Combined Motor Holdings keeps it together
Tight cost and cash management even saw the group declare an unchanged dividend of 115 cents a share. Shares in Combined Motor Holdings rose 2.04 percent to close at R20.97 on the JSE yesterday.
“While it is disappointing to interrupt a record of rising headline earnings per share, given the political and economic background, I am satisfied with the results. I am cautiously optimistic that after the election we will see better confidence levels in the market,” chief executive Jebb MacIntosh said in an interview.
Group vehicle sales volumes rose by 1 percent over the financial year, this after sales were held back by since-resolved supply disruptions at Ford, the manufacturer that represents the highest volume contributor to group sales.
This contributed to a 5.5 percent increase in revenue to R11.15 billion, which was also boosted an increased mix of higher priced new luxury vehicles sold, and a 2 percent to 3 percent average new vehicle price increase through the year.
The 1 percent rise in group vehicle sales is slightly better than industry new car and light commercial vehicle sales, which fell 1.8 percent in the reporting period, following only a 0.4 percent rise last year and declines in each of the preceding three years.
“The macro-picture for the industry is one of increasing costs, principally salaries and property costs, offsetting a static revenue line,” said MacIntosh.
He said the group had cut costs as much as it could over the past two years, and he did not want to get to the point where “we start cutting into the muscle”.
Industry expectations of a -1 percent to 2 percent increase in vehicle sales during calendar 2019 would mean the lowest level of vehicle sales in a decade.
There had been no discernible improvement in market conditions since year-end, but MacIntosh said he was hopeful that consumer and business confidence levels would improve after the election.
The decline in attributable profit came about after margins were squeezed and operating profit declined.
The gross profit margin fell to 16.4 percent from 16.7 percent.
Good cash flow controls kept finance costs on par with last year. Periodic use of surplus funds to settle car hire borrowings offset higher interest paid on vehicle floor-plan levels that arose from periods where dealers were forced by vehicle manufacturers to hold higher than optimum inventory.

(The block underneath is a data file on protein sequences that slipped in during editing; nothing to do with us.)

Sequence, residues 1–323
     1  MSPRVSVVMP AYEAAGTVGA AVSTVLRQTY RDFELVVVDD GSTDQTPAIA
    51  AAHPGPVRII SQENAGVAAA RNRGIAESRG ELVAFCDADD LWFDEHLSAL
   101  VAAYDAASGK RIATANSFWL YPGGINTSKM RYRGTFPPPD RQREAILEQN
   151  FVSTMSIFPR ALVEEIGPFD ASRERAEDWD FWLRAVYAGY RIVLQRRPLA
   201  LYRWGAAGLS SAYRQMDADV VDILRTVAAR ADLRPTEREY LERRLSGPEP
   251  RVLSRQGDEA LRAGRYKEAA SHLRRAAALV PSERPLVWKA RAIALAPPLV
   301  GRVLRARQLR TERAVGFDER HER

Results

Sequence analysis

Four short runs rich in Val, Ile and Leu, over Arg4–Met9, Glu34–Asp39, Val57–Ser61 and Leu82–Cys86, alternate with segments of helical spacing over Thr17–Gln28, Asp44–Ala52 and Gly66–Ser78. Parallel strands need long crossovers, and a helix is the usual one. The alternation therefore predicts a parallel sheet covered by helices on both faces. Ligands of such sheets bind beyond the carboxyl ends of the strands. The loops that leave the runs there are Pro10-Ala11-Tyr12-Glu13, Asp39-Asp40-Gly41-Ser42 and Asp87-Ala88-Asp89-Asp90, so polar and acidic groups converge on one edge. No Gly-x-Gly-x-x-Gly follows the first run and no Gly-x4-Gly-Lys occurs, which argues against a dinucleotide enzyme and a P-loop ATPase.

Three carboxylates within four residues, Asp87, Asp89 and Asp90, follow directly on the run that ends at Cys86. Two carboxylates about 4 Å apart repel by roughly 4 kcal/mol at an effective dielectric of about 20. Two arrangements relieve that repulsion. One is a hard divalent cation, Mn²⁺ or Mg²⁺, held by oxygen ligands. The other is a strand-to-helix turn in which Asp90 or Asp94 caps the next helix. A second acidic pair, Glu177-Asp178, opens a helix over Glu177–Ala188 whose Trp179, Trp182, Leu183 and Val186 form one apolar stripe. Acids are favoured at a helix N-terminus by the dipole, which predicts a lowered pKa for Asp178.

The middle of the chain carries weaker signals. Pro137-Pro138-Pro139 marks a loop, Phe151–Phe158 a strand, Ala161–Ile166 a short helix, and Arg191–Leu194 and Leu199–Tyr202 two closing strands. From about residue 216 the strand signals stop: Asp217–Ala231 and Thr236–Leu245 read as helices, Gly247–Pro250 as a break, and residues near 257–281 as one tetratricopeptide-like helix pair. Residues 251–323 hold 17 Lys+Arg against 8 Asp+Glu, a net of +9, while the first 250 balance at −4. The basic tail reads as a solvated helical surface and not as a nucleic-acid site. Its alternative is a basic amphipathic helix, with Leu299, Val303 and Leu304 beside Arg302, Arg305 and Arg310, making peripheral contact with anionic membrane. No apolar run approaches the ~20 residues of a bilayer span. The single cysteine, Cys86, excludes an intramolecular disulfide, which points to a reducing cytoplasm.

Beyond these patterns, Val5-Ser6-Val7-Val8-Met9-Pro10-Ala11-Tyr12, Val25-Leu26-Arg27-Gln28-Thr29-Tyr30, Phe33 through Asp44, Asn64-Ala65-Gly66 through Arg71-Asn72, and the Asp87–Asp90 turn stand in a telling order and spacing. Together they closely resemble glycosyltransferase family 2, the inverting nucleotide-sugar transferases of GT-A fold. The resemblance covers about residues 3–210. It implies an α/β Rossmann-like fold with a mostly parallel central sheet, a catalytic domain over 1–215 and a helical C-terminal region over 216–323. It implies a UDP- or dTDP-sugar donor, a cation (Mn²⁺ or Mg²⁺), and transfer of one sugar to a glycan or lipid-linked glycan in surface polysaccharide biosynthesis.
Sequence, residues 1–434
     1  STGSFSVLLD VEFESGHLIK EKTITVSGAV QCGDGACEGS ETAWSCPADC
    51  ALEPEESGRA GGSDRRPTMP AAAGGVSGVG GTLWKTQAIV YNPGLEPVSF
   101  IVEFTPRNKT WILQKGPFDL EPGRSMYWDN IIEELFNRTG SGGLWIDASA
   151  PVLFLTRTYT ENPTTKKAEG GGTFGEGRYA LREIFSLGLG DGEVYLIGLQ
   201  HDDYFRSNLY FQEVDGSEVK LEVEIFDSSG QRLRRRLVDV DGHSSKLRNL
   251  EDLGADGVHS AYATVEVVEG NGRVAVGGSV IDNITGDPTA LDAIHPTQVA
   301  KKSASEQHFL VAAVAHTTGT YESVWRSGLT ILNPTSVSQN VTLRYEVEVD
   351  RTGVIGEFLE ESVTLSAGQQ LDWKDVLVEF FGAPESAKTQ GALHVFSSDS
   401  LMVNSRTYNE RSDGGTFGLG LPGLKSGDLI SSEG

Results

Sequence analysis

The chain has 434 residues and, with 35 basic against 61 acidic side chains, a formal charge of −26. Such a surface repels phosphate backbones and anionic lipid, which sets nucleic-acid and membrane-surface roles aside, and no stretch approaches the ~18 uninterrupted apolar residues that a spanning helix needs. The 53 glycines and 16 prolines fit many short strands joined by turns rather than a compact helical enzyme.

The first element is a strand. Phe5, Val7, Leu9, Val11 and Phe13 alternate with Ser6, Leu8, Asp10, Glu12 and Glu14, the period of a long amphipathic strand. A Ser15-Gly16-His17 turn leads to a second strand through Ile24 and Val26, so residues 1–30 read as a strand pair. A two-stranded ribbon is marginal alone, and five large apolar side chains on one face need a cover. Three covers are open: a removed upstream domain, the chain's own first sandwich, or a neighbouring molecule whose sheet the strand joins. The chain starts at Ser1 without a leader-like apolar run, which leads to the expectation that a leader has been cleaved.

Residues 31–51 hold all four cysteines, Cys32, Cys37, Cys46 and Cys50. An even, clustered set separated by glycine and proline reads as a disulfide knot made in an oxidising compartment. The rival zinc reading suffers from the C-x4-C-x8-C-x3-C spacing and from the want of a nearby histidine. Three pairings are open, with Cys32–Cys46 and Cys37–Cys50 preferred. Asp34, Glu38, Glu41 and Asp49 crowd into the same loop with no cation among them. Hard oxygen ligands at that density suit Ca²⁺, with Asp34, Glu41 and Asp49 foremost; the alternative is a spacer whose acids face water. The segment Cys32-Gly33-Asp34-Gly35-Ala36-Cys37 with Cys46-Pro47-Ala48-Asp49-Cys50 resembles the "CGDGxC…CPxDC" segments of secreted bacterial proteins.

Although borrowings continued to be settled with surplus cash, a parcel of new fleet vehicles was acquired using external finance, and intra-group funds were held on call account.
As a result, R676 million in cash was realised at year end, compared with R373m the previous year
MacIntosh said the affordability of new vehicles for consumers had continued to improve with the stable interest rates. Attractive sales incentives from vehicle manufacturers were also expected to help lift the market.
“The group is in a sound financial position. The management team is experienced, hard-working and enthusiastic. The missing ingredient is a boost to the revenue line,” he said.
The car hire operations suffered a reversal of a 10-year record of rising earnings, and a 24 percent decline in attributable earnings was due mainly to the reduced prices at which the retired fleet was sold.
In the financial services division, essentially insurance cells relating to products sold in tandem with the sale of vehicles, and joint ventures in the financing of credit facilities granted to purchasers, saw increased increased profitability in a flat market, and an 11 percent increase in premiums during the year was expected to grow steadily over time.